Why Joe Paterno can’t be allowed to coach another game

Penn State president Graham Spanier with his boss Joe Paterno. (AP photo)

Here's Penn State president Graham Spanier, shown with his boss Joe Paterno. (AP photo)

Penn State felt the need to cancel Joe Paterno’s news conference Tuesday, but allowed him to conduct practice later that afternoon. On Saturday the Nittany Lions will play host to Nebraska. Paterno cannot be allowed to lead Penn State onto the field.

In all likelihood, the Nebraska game would have been the 84-year-old’s last home date as coach if Jerry Sandusky had remained a footnote in Penn State’s athletic annals, but whatever Paterno wanted is immaterial now. At issue is if a proud university wants to be remembered as a school that was handed a last chance to do something and finally did it, or as an institution that again chose to do next to nothing.

The New York Times reports that, in May 1999, Paterno told Sandusky he wouldn’t become Penn State’s head coach when the incumbent, meaning Paterno, retired. Could it have been mere coincidence that, in 1998, Penn State had investigated Sandusky for showering with an underage male? No charges were filed, but Sandusky announced in the summer of 1999 that he would retire as defensive coordinator — at the not-exactly-advanced age of 55.

Did Penn State know back then that such a man couldn’t continue to represent it and nudge him aside? If so, why didn’t it inform the proper authorities? If so, why did it continue to allow Sandusky to hold emeritus privileges on campus and to use team facilities? This is no trifling issue: It was, according to the grand jury’s presentment, in a Penn State locker room that Sandusky was allegedly seen having sex with a 10-year-old — in 2002.

This was the act allegedly witnessed by Mike McQueary, then a grad assistant and now Penn State’s recruiting coordinator. McQueary told Paterno what he’d seen, and Paterno told his superiors, and then nothing much happened for a very long time. He was barred from bringing children on campus, but he maintained an office and reports indicate he was in the team’s weight room as late as last week. According to his lawyer, Sandusky has known he was being investigated for three years before the indictment was handed down.

Think about that. Penn State has sought to act as if this all has been a bolt from the blue, but in 1998 the school should have had cause, if not exactly to know, then surely to wonder. And here we must also wonder if Paterno, faced with a choice between what was right and what was best for his legacy, didn’t take the path of least resistance.

For all the lack of ostentation in Paterno’s image — the ugly glasses and the khaki pants and the football cleats — this is a man who cares very much about how he’ll be remembered. He once famously said he planned to keep coaching because he didn’t want to leave the sport to the likes of rogue operators Jackie Sherrill and Barry Switzer, but the Penn State Story is infinitely more distressing than any $100 handshakes with recruits. Lots of schools cheat in the attempt to get players. The program that has portrayed itself as above it all might well have concealed a predator.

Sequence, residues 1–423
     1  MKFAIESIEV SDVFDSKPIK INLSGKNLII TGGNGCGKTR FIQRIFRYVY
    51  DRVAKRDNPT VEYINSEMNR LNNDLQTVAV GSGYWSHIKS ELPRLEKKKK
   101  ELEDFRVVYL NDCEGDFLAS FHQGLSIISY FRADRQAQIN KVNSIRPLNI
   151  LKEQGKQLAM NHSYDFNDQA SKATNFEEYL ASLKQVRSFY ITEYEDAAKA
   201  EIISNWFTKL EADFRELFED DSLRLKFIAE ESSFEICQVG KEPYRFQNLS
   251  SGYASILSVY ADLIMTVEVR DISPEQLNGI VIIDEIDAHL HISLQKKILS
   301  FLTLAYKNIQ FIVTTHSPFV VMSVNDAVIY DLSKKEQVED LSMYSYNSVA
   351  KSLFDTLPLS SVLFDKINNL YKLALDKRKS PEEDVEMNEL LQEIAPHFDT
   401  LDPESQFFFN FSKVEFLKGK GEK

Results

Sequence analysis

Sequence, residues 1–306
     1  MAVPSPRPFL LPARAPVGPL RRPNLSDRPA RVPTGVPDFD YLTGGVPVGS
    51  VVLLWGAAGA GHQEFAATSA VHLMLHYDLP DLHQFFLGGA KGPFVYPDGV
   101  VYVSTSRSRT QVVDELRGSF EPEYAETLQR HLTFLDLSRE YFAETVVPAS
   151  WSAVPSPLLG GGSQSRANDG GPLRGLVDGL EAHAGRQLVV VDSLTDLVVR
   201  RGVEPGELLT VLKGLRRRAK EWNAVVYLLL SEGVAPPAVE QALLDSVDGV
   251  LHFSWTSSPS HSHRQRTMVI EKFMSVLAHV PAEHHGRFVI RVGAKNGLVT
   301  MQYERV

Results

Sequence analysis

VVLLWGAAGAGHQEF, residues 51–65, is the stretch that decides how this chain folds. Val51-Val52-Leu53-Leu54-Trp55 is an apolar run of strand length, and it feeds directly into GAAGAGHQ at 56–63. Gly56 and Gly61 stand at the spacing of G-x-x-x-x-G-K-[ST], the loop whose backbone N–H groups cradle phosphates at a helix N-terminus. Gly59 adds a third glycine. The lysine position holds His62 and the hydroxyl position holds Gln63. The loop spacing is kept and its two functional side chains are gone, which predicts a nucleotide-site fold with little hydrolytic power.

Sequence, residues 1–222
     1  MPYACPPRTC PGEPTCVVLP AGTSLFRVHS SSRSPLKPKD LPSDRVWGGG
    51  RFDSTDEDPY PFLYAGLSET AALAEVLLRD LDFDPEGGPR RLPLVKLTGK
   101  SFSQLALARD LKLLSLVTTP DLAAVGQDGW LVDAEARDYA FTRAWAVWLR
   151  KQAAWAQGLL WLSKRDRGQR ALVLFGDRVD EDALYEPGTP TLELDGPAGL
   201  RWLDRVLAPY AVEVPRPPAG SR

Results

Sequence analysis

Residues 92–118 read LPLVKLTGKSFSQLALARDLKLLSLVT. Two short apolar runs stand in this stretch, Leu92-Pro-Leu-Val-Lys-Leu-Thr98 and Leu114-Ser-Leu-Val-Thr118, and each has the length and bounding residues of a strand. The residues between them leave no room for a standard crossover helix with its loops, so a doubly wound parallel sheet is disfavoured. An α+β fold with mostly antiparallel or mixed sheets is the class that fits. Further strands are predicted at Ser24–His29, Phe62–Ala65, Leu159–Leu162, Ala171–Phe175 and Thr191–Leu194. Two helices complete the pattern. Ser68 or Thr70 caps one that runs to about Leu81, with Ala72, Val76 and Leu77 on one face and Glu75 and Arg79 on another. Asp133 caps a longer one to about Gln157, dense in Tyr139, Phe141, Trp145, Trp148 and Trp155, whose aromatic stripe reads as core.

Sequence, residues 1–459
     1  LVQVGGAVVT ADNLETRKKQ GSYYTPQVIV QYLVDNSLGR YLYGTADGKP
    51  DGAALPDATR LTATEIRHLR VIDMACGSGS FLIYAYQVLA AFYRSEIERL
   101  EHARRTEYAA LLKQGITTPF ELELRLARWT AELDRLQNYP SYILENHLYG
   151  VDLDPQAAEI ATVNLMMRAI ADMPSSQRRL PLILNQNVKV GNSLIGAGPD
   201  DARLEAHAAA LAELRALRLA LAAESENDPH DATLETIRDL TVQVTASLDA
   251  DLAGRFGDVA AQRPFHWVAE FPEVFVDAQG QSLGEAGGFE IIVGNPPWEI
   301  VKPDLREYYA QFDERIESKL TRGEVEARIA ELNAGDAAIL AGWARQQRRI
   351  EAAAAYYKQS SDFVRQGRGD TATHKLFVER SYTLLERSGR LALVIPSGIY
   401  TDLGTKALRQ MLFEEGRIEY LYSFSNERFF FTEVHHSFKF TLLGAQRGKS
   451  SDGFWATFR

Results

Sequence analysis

When first the charges against Sandusky surfaced — and here we stipulate that he’s innocent until proved guilty — the reaction was, “How could he have kept such a life hidden?” After further review, it defies credulity that he could have. Someone had to know something. Someone had to wonder why a grown man was showering with boys and traveling to bowl games with adolescents who weren’t his sons.

In 1977 Sandusky founded a charity called The Second Mile, named after a verse from the Gospel according to Mathew, to provide aid and comfort to troubled boys. In the second paragraph of the grand-jury presentment is this chilling sentence: “It was within The Second Mile program that Sandusky found his victims.”

As a player and a coach, Jerry Sandusky had been part of Penn State from 1963 through 1999. Someone had to know something, and surely the 1998 shower incident was enough to generate suspicion even among those who didn’t want to know. Joe Paterno has been at Penn State since 1950. If he knew nothing, it was only because he wanted to know nothing.

But that’s the thing about being a head coach: You’re paid to know everything. Joe Paterno had come to be a case study in ethics in modern athletics, and he’ll retire with the most victories of any FBS (formerly Division I-A) coach ever. But Paterno also emphasized that there’s more to his job than winning, and that’s why he needs to coach no more. If he knew, he needs to go. If he didn’t know, he should have.

By Mark Bradley

404 comments Add your comment

NorthwestDawg

November 8th, 2011
5:23 pm

Amen, Mark Bradley. Great piece on a sobering topic.

dean

November 8th, 2011
5:25 pm

Catch a 50 something year old in a shower, after hours, with a minor—>YOU’RE OUTTA HERE! No matter what.

dean

November 8th, 2011
5:26 pm

….and to add, “AND WE’LL BE CALLING THE COPS!”

Mark Bradley

November 8th, 2011
5:28 pm

Thanks, NorthwestDawg. And kudos for … well, you know.

boots

November 8th, 2011
5:29 pm

This is getting uglier the longer it goes on. They are all sick. Yes, even Joe. He should be drummed out of town and not honored in any way.

boots

November 8th, 2011
5:31 pm

Mark, I am left wondering if the reason Joe had so much power is because of what he knew PSU was covering up. And is it possible the QB coach / recruiting coordinator rose so quickly because of the same? I’m not looking for devils here – Lord knows, there are enough already – but they are legit questions.

myfriendmikey

November 8th, 2011
5:33 pm

If the allegations are true, he was not “having sex” with a 10-year-old. He was raping a 10-year-old.

Amazing

November 8th, 2011
5:36 pm

The all time record for wins will be tainted with this stuff. Unless somebody is currently close to the record, it will never be broken. Because 1) the days of coaches staying at schools forever is gone 2) parity will make it impossible for coaches to hoard the victories like they have in the past.